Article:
Saxon - Denim And Leather review


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Band: Saxon
Album: Denim And Leather
Release date: October 1981

Disc I
01. Princess Of The Night
02. Denim And Leather
03. Out Of Control
04. Never Surrender
05. Rough And Ready
06. And The Bands Played On
07. Midnight Rider
08. Fire In The Sky
09. Play It Loud

Disc II [2009 remaster bonus]
01. 20,000 Ft. [remix] [B-side of Never Surrender]
02. Bap Shoo Ap [Live at Castle Donington]
03. Intro/And The Bands Player On [live]
04. Princess Of The Night [live]
05. Midnight Rider [live]
06. Never Surrender [live]
07. Fire In The Sky [live]
08. Machine Gun [live]
09. Play It Loud [live]

Third time is the charm.

The third and final instalment in the insanely strong trilogy that Saxon released in just a two-year span, raising the bar one last time as they put their name in the history books only four albums into what is a legendary career, Denim And Leather is the centrepiece of the trilogy and is very much in the same vein as the prior two records, but the added experience and time gives this album a boost that it uses to its advantage.

It's rare a band can produce three of the strongest albums in a genre over a whole career, let alone two years, but something must have been in that tea because Saxon were on a roll and they weren't slowing down yet. Carrying on in much the same vein as their prior two releases, Denim And Leather is no pivot or change of direction but a leap forward on the same path they had walked up until this point. NWOBHM would be a vastly different place if it wasn't for these Yorkshire lads.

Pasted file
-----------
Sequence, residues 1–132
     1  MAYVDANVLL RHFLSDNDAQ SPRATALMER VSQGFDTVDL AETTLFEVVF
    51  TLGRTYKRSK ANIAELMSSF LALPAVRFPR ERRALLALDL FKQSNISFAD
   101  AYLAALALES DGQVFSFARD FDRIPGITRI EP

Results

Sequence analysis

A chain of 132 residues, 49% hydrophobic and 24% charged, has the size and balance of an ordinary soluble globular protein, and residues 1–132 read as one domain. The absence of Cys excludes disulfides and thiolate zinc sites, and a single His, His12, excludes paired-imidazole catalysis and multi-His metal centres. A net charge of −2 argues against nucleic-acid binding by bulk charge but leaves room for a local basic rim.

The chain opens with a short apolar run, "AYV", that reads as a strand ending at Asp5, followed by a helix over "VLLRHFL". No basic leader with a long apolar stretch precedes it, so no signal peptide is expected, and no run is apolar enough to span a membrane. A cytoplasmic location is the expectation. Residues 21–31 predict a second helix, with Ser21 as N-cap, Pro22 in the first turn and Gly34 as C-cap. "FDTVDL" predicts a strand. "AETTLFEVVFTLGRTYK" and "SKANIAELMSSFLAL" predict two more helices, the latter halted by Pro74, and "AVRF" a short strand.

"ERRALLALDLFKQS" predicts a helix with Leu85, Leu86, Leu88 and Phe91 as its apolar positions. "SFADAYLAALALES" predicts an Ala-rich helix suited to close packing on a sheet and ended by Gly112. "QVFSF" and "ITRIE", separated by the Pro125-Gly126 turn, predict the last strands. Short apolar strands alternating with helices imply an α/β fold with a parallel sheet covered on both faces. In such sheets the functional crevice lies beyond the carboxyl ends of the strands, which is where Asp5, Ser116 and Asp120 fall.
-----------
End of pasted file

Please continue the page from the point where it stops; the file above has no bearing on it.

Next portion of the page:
Leaving the obvious highlights until last, what about the lesser known album tracks that are on the album but rarely mentioned? Well they are no slouches themselves and more than pull their weight when given the chance; the anthemic "Play It Loud" is one that should get a rise out of anyone with a pair of working ears. "Fire In The Sky" shows that the band could put their feet to the floor and more than handle the jump in speed, serving as a good dose of energy just as the album is ready to reach its crescendo. "Out Of Control" and "Rough And Ready" are forged in the same furnace as the rest of the album and are solid enough when you tap the metal to test its strength; they just lack that finesse that the rest of the album has, but by no means are they for scrap.

If you have any knowledge of the band, you are probably well acquainted with the highlights of the album; the opening salvo of "Princess Of The Night" and "Never Surrender", ode to Monsters of Rock "And The Bands Played On" and closing title track serve to punctuate the album with some of the classics of the NWOBHM movement. There is little that needs to be said to explain why these songs are as well regarded as they are, but I will say that the rest of the album isn't all that far behind the quality of these four tracks, such is the strength of the record as a whole.